#7, I get that. I do, and my remarks aren't directed at you. I've been sexually assaulted (not raped, but groped plenty of times) while wearing normal clothes, as well. I know what you wear doesn't matter when it comes to rape and assault. Rapists gonna rape. But women's clothing matters in general, regardless of whether you want it to.

For example, Slutwalk is being promoted as women dressed in skimpy clothing marching. That's what the media has latched onto, and that and it's titillating name are what is getting it so much press.

And many women will be there playing dress up, enthusiastically participating in their own exploitation, having convinced themselves that this is what feminism is about. Thinking they are somehow "manipulating" the system, because they've CHOSEN to flaunt their bodies, when the reality is that the system wouldn't even have been interested in them if they weren't promised skin, and the flaunters wouldn't feel so empowered if they weren't getting a positive reaction.

Like I said, if the way women dress weren't an issue, you wouldn't need to have a march.
simple case of testosterone over load…
@5: There's a huge difference between a topless man and a topless woman, and you know it. And I would say that frequently, topless women who get attention from males see it as strength, too.

@6: You gotta do what ya gotta do to attract attention to your cause. Men have historically used their physical strength over women- women should recognize the power of boobies and use them to their advantage. And we will never 'normalize non-sexual female nudity', because men are hard-wired to lose their ability to think once boobies are present. That's just the facts of life.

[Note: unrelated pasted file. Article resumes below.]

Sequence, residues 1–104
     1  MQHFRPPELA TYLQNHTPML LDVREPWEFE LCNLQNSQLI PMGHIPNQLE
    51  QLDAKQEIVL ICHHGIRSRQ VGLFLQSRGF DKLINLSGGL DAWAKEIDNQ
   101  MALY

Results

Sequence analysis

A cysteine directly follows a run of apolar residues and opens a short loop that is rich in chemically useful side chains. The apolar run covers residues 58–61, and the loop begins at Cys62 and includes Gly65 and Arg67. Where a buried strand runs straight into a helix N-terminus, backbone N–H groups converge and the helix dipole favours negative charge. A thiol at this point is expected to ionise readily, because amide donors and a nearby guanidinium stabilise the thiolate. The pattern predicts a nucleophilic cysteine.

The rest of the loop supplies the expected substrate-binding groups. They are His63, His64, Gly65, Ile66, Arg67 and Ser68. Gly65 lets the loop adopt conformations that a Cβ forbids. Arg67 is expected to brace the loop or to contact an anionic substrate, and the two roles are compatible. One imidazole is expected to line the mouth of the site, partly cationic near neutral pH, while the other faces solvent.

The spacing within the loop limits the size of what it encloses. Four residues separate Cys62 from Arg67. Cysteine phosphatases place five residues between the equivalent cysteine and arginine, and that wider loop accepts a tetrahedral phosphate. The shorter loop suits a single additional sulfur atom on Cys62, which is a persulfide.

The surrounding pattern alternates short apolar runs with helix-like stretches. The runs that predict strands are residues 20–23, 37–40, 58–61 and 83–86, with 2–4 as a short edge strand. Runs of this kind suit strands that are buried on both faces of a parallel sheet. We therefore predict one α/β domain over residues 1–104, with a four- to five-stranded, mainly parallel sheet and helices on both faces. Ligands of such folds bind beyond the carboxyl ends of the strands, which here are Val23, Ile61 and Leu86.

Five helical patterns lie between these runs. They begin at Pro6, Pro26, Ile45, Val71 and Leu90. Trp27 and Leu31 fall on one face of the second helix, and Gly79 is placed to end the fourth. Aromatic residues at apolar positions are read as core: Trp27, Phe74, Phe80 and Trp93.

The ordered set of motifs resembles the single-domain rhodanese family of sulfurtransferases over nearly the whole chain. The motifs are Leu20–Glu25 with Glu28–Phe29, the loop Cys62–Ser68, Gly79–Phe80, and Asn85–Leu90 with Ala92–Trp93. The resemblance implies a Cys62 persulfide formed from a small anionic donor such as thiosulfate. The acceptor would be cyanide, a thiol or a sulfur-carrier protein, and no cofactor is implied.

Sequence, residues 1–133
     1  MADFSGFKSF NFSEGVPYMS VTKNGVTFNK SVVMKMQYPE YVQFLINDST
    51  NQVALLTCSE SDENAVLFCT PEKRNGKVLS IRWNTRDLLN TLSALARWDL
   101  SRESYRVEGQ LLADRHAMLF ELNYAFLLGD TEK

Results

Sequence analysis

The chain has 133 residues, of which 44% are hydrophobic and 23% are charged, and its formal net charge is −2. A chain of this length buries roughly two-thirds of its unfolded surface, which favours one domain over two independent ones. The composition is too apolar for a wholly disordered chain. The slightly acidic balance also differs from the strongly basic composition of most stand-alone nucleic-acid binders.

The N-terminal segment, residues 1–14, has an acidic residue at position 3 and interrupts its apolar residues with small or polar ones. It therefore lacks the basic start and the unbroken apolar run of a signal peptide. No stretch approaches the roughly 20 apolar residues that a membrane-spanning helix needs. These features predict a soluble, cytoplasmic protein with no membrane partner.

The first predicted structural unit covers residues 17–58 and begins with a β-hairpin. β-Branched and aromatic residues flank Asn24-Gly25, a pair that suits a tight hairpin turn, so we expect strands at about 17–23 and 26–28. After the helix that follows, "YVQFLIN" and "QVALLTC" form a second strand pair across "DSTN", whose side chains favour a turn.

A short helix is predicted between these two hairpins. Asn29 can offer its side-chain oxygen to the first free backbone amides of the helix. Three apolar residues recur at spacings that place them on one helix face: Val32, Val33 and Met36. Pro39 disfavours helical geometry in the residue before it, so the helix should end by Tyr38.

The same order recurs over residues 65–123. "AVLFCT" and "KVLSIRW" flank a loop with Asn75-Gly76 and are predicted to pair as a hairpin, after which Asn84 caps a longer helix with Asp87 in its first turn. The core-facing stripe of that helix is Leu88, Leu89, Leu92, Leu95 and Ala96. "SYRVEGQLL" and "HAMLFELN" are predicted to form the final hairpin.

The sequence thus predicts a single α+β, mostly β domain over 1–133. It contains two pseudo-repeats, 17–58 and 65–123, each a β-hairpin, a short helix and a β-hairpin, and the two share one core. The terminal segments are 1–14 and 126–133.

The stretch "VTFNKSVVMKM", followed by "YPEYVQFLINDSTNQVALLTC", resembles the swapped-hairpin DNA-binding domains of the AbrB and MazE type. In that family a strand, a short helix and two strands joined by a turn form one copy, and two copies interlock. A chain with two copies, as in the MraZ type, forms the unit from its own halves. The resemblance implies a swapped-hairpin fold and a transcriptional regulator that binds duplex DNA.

@10: "Rapists gonna rape." I can't believe you made me lol at rape. That's just wrong. :-p

@Lissa: Blaming the victim is how we cope with the uncertainty of life. You see, this could never happen to me, because this only happens to sluts. So I'm safe, as long as you're a slut. And you WERE wearing red, I mean, you were obviously looking for attention. /sarcasm (Also, you have balls bigger than Stephen Colbert's for speaking out like this. I don't even have the words for how much I respect that kind of bravery.)

I really wish no one would try to legitimatize the idea of slutiness, though. Promiscuous sex really is unhealthy, particularly for women, and I don't think it should be encouraged. Being considered a slut should be a bad thing, for women AND men. And it should have no bearing on conversations about rape, because it doesn't matter if a woman has slept with 999 men, she's still under no obligation to sleep with 1000 if she doesn't want to.

Kind of random, in a blame-the-victim way, a pro-gun friend was arguing with me about whether or not owning a gun was a necessary and safe (or particularly effective) form of home defense, and he told me that if someone breaks in and rapes and kills me, it will be my fault for not keeping a gun handy at all times. So it's not just sluttiness that can make rape the victims fault.